Imperative versus declarative code… what’s the difference?

Martin Novak
Frontend Weekly
Published in
3 min readFeb 11, 2018

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Imperatively speaking

As a web developer you are likely using both paradigms with different code even if you may not be familiar with the terms. Programming languages tend to have multi-paradigm tendencies using both imperative and declarative syntax and I will use JavaScript to demonstrate that as well.

For updated information please consider my new post Imperative Vs. Declarative Programming In JavaScript or watching my new YouTube video:

Imperative paradigm

Procedural and object-oriented programming belong under imperative paradigm that you know from languages like C, C++, C#, PHP, Java and of course Assembly.

Your code focuses on creating statements that change program states by creating algorithms that tell the computer how to do things. It closely relates to how hardware works. Typically your code will make use of conditinal statements, loops and class inheritence.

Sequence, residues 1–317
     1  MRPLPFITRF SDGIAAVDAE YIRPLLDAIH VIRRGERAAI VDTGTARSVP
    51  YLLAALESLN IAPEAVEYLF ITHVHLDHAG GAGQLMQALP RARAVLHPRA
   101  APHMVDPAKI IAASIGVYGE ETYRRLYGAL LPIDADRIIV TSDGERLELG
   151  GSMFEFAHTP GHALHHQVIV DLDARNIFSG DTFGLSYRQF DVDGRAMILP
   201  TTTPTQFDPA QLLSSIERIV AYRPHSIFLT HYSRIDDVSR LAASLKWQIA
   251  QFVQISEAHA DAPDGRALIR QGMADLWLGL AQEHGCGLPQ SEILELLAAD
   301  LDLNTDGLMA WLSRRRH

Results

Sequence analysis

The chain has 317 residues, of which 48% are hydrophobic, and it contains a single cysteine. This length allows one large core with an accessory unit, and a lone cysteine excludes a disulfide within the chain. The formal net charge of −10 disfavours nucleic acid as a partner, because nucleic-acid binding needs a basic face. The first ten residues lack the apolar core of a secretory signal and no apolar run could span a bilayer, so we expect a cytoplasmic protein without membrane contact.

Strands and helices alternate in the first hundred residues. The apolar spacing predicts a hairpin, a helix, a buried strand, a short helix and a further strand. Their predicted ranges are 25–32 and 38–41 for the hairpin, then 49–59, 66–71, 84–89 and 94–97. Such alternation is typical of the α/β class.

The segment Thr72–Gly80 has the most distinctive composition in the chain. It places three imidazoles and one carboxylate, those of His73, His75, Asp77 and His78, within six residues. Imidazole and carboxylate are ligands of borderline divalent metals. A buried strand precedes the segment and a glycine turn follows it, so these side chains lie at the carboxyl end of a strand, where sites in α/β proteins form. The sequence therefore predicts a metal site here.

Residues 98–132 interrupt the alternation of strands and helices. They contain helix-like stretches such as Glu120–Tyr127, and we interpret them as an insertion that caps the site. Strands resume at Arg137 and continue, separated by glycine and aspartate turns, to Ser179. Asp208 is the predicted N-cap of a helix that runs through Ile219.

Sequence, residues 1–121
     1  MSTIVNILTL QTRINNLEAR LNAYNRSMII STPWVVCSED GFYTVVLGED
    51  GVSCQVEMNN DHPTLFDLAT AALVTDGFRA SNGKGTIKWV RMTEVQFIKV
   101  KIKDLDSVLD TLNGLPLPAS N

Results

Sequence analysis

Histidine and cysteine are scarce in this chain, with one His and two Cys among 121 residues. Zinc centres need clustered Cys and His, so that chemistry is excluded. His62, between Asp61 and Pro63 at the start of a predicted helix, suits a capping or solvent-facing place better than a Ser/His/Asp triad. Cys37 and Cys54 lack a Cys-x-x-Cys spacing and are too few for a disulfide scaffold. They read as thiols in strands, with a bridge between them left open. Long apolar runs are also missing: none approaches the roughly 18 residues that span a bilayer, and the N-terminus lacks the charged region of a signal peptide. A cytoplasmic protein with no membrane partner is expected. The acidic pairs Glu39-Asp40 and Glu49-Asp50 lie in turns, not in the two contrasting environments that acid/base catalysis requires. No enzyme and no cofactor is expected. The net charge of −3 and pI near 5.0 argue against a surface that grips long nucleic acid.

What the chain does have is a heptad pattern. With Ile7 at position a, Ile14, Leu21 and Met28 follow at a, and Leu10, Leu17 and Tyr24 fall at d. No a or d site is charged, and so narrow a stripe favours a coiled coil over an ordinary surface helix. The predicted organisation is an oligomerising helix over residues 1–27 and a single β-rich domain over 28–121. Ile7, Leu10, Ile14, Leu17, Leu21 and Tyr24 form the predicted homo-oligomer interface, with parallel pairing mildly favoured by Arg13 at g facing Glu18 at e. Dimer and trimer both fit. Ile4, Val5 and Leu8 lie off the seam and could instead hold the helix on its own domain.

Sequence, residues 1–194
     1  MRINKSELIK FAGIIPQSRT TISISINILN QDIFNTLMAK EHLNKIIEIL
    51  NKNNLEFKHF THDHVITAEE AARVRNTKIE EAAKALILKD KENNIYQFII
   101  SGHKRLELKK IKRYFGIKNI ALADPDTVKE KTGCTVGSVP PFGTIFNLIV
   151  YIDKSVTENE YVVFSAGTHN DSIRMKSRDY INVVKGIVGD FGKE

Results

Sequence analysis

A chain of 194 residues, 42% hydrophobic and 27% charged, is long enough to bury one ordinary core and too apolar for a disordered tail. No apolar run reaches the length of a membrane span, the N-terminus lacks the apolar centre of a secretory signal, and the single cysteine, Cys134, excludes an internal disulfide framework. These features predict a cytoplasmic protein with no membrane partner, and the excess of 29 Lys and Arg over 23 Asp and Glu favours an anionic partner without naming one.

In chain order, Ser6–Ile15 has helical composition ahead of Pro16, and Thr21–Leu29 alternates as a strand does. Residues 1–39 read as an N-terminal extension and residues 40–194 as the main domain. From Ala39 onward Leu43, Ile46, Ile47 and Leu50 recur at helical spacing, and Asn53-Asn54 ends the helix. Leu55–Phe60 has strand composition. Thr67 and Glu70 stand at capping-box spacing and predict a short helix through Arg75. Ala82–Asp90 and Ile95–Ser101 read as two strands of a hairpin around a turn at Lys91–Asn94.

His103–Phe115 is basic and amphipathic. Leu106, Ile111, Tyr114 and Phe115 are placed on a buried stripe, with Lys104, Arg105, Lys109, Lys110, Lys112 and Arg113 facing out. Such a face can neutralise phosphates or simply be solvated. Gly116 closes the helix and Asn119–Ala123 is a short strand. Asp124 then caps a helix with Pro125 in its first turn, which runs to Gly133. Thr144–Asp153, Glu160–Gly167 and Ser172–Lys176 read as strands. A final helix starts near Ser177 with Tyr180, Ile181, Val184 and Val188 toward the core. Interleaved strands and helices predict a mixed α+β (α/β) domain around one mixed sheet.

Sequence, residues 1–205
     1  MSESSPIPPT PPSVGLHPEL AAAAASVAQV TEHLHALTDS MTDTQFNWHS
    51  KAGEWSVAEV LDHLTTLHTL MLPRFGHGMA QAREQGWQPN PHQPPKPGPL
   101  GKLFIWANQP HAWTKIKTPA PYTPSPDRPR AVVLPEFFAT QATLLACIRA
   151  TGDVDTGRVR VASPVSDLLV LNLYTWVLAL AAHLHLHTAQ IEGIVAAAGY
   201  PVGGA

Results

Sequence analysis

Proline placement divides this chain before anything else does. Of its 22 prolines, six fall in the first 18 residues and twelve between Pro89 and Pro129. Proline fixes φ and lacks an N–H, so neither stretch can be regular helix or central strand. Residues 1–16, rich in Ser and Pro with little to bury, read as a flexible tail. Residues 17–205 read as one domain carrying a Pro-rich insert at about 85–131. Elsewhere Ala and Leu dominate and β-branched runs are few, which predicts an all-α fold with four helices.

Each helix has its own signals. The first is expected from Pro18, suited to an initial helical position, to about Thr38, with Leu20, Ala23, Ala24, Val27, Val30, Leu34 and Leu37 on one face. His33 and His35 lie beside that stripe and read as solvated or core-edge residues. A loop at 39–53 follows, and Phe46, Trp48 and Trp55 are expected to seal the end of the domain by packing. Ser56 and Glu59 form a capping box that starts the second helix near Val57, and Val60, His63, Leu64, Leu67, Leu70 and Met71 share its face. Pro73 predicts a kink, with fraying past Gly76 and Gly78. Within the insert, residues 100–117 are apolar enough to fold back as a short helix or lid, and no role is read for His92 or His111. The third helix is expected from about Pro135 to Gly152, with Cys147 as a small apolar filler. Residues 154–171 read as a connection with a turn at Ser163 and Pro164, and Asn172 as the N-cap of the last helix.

Example of imperative code in JavaScript is:

class Number {  constructor (number = 0) {
this.number = number;
}

add (x) {
this.number = this.number + x;
}
}const myNumber = new Number (5);
myNumber.add (3);
console.log (myNumber.number); // 8

Declarative paradigm

Logic, functional and domain-specific languages belong under declarative paradigms and they are not always Turing-complete (they are not always universal programming languages). Examples would be HTML, XML, CSS, SQL, Prolog, Haskell, F#and Lisp.

Declarative code focuses on building logic of software without actually describing its flow. You are saying what without adding how. For example with HTML you use <img src="./image.jpg" /> to tell browser to display an image and you don’t care how it does that.

Functional programming based on lambda calculus is Turing complete, avoids states, side effects and mutation of

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Martin Novak
Frontend Weekly

Martin is a product manager at work, a software developer in his free time, and an entrepreneur at heart.